A friend of photographer Karl Ramsdell, left, holds a hockey stick while skating over geometric ice patterns on Sebago Lake this year. Ramsdell captured circular ice patterns in Mirror Lake in New Hampshire last winter. Credit: Courtesy of Karl Ramsdell

FALMOUTH, Maine — The past few weeks have been a great stretch of weather for wild ice skaters in southern Maine. Cold temperatures and scant snow have made for vast stretches of smooth, natural ice atop lakes, ponds and rivers.

Right now, Yarmouth’s frozen Royal River is providing more than 10 miles of uninterrupted runner cruising. Sebago Lake’s Jordan Bay looks like glass this week, to the delight of skaters from near and far.

Avid outdoorsman and wildlife photographer Karl Ramsdell stands on Highland Lake in Falmouth on Wednesday. Ramsdell shoots in all kinds of weather, all year around. Credit: Troy R. Bennett / BDN

Old Orchard Beach wildlife photographer and outdoor enthusiast Karl Ramsdell has been out every day, skating and making pictures of the unique, icy beauty he’s run across. Getting out in Maine’s cold weather, Ramsdell said, is the only way he gets through the winter months with his sanity intact.

On Wednesday, using an inflatable sail — and the north wind’s power — Ramsdell skated the length and breadth of Highland Lake, straddling Falmouth and Windham.

Just before the wind picked up, Ramsdell shared some of his recent photographs and told us why he doesn’t mind shooting and playing in the cold.

Q: When did you first get into photography?

A: About three years ago. I saw a snowy owl on a roof at Pine Point and I was so captivated by it that I went to the camera shop and asked them what they had that could get me a better shot of the owl than my phone. So, I got a camera and started taking pictures of wildlife.

Maine wildlife photographer Karl Ramsdell shot thse pictures in Maine this month while skating. At left are his own skates a sunrise on Sebago Lake and at right are icy underwater rocks on Damariscotta Lake. Credit: Courtesy of Karl Ramsdell

Q: Buying a camera is one thing, but how did you get so good at getting pictures of animals and nature in just three years?

A: I took thousands of pictures a day when I first saw that snowy owl — and it was around for about a week. I learned what I like. I try to capture their soul, if you will. It’s like they’re trying to tell me something. When I photograph wildlife, to me, it almost makes them immortal. They live forever in my mind and on my hard drive.

Q: You must have been an outdoorsy person before you got your camera.

A: Yes. My whole life. I surf, I skate, I paddleboard a lot. I mountain bike. I’m getting into kiteboarding. I do a lot of hiking in the mountains.

Karl Ramsdell calls this crystalized formation (left) the “ice eyeball” and made the picture this year on Sebago Lake. Ramsdell is widely known for his pictures of animals, including this snow-dusted otter in Portland. Credit: Courtesy of Karl Ramsdell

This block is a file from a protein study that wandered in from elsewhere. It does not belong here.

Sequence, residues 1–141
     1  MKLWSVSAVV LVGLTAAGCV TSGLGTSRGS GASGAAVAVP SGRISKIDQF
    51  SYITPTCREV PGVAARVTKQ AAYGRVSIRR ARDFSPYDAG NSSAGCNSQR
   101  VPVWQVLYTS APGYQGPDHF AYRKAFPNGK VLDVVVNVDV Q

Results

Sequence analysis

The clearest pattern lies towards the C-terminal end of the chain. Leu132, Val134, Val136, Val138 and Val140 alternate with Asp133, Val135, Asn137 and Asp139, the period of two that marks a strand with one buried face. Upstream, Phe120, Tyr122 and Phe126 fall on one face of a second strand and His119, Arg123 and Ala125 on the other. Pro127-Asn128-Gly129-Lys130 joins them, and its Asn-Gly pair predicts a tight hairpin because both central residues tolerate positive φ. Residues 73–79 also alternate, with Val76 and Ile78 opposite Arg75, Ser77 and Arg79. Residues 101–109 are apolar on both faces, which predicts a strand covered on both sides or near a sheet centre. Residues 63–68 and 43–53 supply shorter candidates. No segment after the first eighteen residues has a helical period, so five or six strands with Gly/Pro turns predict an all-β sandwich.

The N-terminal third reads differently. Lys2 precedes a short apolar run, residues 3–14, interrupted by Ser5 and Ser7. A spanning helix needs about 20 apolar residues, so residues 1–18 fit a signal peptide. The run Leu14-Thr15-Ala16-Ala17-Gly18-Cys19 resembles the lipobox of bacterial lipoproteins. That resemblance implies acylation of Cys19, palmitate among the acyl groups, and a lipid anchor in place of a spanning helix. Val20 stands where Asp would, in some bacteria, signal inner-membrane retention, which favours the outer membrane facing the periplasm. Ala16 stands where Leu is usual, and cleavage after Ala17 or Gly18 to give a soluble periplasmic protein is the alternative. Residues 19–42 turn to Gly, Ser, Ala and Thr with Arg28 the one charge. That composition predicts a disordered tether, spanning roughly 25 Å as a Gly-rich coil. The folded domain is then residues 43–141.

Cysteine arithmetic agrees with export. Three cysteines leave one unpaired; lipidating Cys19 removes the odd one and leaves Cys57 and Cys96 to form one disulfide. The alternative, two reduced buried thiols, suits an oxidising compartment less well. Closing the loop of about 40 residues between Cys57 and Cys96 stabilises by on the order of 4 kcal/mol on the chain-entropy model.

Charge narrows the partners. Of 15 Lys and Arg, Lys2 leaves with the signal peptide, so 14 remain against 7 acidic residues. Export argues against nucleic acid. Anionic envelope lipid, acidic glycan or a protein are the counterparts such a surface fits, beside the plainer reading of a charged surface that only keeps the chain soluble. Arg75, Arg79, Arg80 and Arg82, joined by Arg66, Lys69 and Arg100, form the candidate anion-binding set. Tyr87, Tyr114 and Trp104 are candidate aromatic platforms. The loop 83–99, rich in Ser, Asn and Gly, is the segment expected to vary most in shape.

Q: Is photography just another way to enjoy the outdoors?

A: Yes. It gets me out and allows me a lot of solitude. I like being out in nature, sitting and waiting, seeing what comes by.

Q: Winter doesn’t deter you at all?

A: Not at all. I’m outside, all day, every single day in the winter — even if it rains, I go out shooting. The key to enjoying winter in Maine, and not losing your mind, is finding outdoor activities to enjoy. That’s what I’ve done.

Avid outdoorsman and wildlife photographer Karl Ramsdell stands on Highland Lake in Falmouth on Wednesday. Ramsdell shoots in all kinds of weather, all year around. Troy R. Bennett / BDN

Q: Aside from your wildlife pictures, you’ve found beauty in this winter’s ice, itself.

A: It’s like snowflakes. Every lake is different. Everywhere you go, you’re going to find different ice — cool bubbles, all kinds of geometric shapes. I lay on the ice and listen.

Q: I’ve camped on the ice and heard those sounds right under my ear.

A: I love that sound. It’s calming to me. That’s the sound of the ice making new ice.

Q: You’ve been taking advantage of this particular stretch of good skating and picture weather?

A: Yeah. I drive all over because the ice is so different everywhere. Last weekend I was in Acadia. Today it’s Highland Lake. Tomorrow, it’s probably going to be Sebago Lake.

Q: Will this all be over once we get this blizzard on Saturday?

A: I think so. I’m glad we got this time, though. I skated every day the ice was good.

Q: So what will be your next winter activity?

A: Hiking in the mountains. I like to hike up and ride sleds down again. I’ll be hanging up the skates for a while.

To see more of Karl Ramsdell’s photography, visit his Instagram page.

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Troy R. Bennett

Troy R. Bennett is a Buxton native and longtime Portland resident whose photojournalism has appeared in media outlets all over the world.